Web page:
Directed by Kevin Connors
Billy Schine (Bryan Greenburg) is the ginger-bearded hero of this attempt to capture one man’s experience as a participant in a two-week trial of an antipsychotic drug. He joins fellow green-clad "normals" Gretchen (Jess Weixler), Rodney (Reg E. Cathey), and Lannigan (Frederick Weller) at a secluded testing facility. (They filmed it at Creedmore, an abandoned mental hospital in Queens.) He begins the trial cheerily enough, chatting up the nurse, doctor, and blood technician during processing, much to their institutional irritation. But things take a slow, confusing turn in the dark and bizarre second half of the film.
Greenburg is the straight man to an entire cast of banana men. Weller plays his self-centered actor roommate, a real asshole, who’s just a tad too obnoxious to be funny. Sameer (Debargo Sanyal), an effeminate Pakistani, thinks he can taste his tongue. He reluctantly explains it tastes like semen, not that he knows what semen tastes like, because he's not gay, but he knows what it smells like. Salty, right? He appeals to Weixler for confirmation.
These characters start out so bizarre that as the film progresses it’s hard to tell if they’re experiencing side effects of the drug or if they’re all just freaks to begin with. Many of them express a desire to feel something, including Greenburg, whose character is escaping a mediocre existence in New York City, living in a grungy apartment, plagued by debt collectors and seemingly unemployed. Characters try to guess his profession: writer? Artist? Actor? No, no, no, he answers, without explanation. Greenburg portrays Schine as a lost, purposeless funny man: the guy who was friends with everyone in high school but grows up and doesn’t make much of himself or his life. He’s endearing, relatable and frankly kind of lovable.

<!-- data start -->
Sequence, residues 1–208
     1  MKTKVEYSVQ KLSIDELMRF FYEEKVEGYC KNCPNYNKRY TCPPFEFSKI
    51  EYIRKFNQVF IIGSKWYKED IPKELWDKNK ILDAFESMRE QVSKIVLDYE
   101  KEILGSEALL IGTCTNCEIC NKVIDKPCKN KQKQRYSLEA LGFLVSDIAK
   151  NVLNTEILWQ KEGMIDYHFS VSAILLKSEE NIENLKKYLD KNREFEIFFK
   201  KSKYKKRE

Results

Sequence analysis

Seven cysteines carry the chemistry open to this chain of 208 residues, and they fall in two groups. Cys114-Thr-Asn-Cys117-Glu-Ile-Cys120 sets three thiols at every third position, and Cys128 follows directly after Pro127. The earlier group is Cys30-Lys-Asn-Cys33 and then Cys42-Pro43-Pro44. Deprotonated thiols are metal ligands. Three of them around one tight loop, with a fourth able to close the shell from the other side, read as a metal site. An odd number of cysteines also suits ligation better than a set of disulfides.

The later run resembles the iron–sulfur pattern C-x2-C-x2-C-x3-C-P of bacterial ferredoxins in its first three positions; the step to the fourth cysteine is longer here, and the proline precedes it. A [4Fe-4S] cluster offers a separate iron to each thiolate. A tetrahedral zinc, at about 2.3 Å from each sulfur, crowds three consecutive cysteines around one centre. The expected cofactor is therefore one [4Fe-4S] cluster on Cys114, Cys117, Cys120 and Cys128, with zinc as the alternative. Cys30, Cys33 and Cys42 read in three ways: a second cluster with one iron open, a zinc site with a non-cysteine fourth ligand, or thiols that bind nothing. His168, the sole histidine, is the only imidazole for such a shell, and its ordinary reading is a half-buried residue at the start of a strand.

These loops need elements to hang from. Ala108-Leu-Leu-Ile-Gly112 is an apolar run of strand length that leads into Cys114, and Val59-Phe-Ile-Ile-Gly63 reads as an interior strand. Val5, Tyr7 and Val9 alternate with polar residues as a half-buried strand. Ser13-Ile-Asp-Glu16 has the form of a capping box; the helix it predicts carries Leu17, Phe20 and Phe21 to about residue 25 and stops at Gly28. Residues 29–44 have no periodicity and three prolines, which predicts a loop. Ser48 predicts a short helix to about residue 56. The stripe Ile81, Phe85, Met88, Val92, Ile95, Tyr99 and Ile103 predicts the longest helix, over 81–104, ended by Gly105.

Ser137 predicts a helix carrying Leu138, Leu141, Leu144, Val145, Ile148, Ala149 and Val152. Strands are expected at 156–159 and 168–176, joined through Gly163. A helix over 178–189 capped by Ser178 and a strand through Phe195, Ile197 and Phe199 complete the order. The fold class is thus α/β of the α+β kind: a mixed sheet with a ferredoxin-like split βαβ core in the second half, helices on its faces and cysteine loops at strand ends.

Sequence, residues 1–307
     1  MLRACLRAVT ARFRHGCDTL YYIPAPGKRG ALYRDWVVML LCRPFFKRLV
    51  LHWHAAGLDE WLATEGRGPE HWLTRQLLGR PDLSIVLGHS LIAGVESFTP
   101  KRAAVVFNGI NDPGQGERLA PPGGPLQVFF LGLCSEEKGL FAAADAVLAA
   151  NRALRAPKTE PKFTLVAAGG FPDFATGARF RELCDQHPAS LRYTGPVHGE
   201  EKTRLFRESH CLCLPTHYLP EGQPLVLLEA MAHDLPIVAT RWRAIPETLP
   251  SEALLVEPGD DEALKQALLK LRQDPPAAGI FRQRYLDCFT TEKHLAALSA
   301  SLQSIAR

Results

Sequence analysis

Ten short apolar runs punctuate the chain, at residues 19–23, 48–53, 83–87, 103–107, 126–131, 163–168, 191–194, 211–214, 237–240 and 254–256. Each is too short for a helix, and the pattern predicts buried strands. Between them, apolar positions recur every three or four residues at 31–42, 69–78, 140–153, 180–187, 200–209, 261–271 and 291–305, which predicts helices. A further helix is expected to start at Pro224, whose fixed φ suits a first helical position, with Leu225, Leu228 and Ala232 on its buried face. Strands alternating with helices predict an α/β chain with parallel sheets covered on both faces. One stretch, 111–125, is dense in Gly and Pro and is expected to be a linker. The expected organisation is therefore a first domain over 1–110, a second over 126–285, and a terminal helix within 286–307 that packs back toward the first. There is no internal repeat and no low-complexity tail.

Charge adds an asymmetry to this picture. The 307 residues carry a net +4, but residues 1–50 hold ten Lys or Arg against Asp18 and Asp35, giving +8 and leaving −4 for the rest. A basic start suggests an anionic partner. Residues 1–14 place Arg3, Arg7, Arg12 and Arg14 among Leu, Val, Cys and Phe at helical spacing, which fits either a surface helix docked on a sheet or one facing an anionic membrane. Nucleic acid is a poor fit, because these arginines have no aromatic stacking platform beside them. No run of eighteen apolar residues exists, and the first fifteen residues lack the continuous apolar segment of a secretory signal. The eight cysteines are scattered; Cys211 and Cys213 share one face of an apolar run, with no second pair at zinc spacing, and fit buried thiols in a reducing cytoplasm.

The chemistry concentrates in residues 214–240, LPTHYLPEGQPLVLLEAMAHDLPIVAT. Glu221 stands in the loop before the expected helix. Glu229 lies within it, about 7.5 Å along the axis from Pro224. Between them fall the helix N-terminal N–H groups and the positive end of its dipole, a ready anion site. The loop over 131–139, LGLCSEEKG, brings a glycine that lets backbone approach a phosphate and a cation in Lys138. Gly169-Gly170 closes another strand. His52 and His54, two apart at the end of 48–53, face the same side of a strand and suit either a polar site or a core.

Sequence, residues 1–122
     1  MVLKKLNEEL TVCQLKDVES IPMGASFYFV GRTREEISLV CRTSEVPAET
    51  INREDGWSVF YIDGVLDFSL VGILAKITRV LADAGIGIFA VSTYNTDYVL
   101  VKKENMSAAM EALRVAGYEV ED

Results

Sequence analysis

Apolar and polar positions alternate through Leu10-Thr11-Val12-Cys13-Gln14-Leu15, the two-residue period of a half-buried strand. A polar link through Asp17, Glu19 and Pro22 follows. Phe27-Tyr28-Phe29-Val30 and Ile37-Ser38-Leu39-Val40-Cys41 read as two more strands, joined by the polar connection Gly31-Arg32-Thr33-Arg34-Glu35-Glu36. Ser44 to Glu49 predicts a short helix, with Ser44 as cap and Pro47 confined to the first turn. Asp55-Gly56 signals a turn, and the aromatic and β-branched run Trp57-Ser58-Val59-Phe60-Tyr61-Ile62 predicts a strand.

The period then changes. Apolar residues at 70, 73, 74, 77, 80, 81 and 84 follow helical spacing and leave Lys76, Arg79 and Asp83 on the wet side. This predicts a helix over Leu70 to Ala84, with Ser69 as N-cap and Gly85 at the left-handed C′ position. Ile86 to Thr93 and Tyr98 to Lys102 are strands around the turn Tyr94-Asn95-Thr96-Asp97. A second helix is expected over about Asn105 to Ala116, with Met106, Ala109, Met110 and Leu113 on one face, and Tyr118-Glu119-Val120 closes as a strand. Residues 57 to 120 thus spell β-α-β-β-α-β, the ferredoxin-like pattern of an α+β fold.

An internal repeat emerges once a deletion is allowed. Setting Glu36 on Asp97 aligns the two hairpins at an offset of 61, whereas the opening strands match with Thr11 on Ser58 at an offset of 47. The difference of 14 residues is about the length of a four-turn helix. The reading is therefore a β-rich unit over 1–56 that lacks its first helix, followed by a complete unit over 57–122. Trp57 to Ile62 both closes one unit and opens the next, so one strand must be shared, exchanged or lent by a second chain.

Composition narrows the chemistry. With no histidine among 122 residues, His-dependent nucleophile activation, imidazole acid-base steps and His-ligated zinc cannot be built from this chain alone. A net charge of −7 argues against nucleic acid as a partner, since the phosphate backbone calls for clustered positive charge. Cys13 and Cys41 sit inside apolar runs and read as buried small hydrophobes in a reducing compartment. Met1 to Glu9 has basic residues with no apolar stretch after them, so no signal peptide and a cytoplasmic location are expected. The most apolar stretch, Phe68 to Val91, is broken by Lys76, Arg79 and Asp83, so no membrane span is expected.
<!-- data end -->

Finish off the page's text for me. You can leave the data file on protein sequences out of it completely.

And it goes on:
Punctuated by a bizarre news story about a murderer with a tumor that looks like Jesus Christ (played by director Kevin Connors), and commercials about products like the Shake Weight and prescription drugs with long lists of possible side effects, the film alludes to some darker musings on the pharmaceutical industry. However, writer Christopher Ciancimino admitted they left most of the heavy-duty philosophy and emotional baggage in the novel by David Gilbert. Ciancimino said at a post-screening Q&A that he didn’t think it would be a difficult adaptation, but trying to turn such an internal story into a film was harder than he expected. With a budget of roughly a million dollars, the film is an impressive feat.
Opens November 16